Turmeric has been utilized for many centuries as a spice, a yellow-orange food coloring, and an ingredient in traditional medicine.
While typically seen in dried, powdered form, turmeric is also used fresh, similar to ginger.
How to grow
Turmeric is winter hardy to USDA Zones 8-11 (Santa Clara County ranges from 9a to 10b) and prefers hot summers and high humidity. Rhizomes can be purchased from a garden supply store, but fresh, plump rhizomes from the grocery store can also be planted. Before planting, cut rhizomes into pieces that are 1–3" long, making sure each piece has multiple healthy-appearing "buds". Let the pieces dry for a day or two to help prevent rot. Plant with a bud pointing upwards, about 2–4" deep.
- Type: Perennial, will go dormant in winter
- Light: Full sun to partial shade
- Soil: Well drained
- Water: Medium. Keep soil moist but not wet. Water sparingly until new growth begins, to avoid rot.
- Size: 3–4' high, 3–4' wide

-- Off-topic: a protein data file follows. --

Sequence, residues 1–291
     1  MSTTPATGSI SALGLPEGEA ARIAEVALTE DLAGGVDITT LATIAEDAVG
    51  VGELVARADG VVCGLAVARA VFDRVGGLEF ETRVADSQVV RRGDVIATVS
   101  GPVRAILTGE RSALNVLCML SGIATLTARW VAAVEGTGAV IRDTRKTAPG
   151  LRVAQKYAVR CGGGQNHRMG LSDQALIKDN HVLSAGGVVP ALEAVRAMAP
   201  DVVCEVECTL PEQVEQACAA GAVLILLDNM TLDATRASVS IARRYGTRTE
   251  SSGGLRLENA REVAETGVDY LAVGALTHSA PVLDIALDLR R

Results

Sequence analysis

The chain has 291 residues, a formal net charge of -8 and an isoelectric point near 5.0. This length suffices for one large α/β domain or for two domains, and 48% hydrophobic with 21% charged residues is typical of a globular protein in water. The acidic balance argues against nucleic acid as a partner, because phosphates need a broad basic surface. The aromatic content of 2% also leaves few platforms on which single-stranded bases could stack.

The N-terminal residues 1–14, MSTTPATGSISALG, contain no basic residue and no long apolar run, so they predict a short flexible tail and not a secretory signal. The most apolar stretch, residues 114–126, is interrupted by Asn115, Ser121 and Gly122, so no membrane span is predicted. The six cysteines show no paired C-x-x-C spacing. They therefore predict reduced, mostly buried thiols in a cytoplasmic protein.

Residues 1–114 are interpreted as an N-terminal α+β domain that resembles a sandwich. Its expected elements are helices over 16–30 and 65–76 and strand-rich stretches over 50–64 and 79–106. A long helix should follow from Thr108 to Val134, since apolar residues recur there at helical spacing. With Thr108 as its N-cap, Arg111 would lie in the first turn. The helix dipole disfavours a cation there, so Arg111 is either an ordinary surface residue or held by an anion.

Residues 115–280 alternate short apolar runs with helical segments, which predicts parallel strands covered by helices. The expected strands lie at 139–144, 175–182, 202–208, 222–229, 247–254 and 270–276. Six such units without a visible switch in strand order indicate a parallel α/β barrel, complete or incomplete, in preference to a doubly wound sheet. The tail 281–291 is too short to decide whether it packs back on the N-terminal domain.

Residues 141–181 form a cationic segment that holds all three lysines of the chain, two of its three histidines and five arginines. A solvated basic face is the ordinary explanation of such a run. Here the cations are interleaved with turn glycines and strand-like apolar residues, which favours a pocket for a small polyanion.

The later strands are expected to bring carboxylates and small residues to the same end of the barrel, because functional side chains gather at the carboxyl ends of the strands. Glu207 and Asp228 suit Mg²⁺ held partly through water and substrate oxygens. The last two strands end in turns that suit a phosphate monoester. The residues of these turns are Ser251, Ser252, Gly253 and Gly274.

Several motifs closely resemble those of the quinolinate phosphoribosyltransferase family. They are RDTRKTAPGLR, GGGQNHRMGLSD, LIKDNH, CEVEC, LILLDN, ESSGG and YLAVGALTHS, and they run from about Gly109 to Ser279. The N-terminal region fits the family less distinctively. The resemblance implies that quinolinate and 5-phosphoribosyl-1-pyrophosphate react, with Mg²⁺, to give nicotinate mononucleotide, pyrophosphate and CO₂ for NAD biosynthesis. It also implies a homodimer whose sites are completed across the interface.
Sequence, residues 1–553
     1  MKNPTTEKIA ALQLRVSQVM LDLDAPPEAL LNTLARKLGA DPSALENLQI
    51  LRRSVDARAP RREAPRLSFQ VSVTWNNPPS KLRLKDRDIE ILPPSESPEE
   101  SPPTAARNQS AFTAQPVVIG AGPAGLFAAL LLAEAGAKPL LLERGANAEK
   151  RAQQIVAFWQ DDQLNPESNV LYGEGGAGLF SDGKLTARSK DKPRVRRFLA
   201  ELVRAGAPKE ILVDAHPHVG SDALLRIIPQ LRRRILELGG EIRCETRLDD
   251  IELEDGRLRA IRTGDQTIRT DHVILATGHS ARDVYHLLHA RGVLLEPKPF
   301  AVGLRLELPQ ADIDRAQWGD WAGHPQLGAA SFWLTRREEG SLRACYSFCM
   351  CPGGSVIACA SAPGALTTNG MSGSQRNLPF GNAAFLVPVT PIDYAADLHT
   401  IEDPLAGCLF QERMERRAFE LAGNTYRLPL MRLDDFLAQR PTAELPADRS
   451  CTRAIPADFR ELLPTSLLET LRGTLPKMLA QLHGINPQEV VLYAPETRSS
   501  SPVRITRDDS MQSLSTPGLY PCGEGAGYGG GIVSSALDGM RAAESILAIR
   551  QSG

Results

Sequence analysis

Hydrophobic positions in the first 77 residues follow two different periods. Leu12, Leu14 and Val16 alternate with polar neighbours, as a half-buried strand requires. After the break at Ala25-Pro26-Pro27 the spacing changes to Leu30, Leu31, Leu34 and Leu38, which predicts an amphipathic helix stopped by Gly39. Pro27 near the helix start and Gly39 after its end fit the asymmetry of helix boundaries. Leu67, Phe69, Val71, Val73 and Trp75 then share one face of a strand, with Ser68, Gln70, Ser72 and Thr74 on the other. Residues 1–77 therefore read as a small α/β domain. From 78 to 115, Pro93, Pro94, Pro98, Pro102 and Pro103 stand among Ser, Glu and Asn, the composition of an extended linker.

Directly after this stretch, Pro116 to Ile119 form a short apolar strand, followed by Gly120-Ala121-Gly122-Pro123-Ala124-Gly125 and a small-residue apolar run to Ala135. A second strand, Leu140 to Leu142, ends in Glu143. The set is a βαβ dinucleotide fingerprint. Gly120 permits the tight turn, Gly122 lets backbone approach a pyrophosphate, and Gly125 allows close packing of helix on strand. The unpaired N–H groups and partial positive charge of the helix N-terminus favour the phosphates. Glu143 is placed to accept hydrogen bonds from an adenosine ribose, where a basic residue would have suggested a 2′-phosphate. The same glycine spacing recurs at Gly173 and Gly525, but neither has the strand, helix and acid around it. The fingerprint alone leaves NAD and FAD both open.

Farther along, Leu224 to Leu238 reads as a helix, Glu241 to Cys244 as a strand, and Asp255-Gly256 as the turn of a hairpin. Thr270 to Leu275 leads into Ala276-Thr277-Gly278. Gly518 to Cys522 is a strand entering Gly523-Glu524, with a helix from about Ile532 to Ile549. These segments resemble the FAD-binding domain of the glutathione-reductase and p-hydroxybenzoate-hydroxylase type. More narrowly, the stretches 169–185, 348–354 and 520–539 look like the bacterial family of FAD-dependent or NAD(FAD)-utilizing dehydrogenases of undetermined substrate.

When to plant/propagate:
- Plant rhizomes in early spring
- Can propagate by division
- Harvest mature turmeric rhizomes in late fall to early winter
- Gently dig out and harvest the rhizomes, leaving some in the soil if you want them to grow back the following spring
- Unpeeled fresh turmeric may be stored in a plastic bag in the refrigerator for several weeks. Freeze or dry to keep for longer.
Indoors: Turmeric can be grown indoors, although it may go dormant due to cooler temperatures and lack of sunlight in the winter. Do not water if dormant, until growth resumes in the spring.
- Curcuma longa, Missouri Botanical Garden
- Growing Ginger and Turmeric Indoors, University of Vermont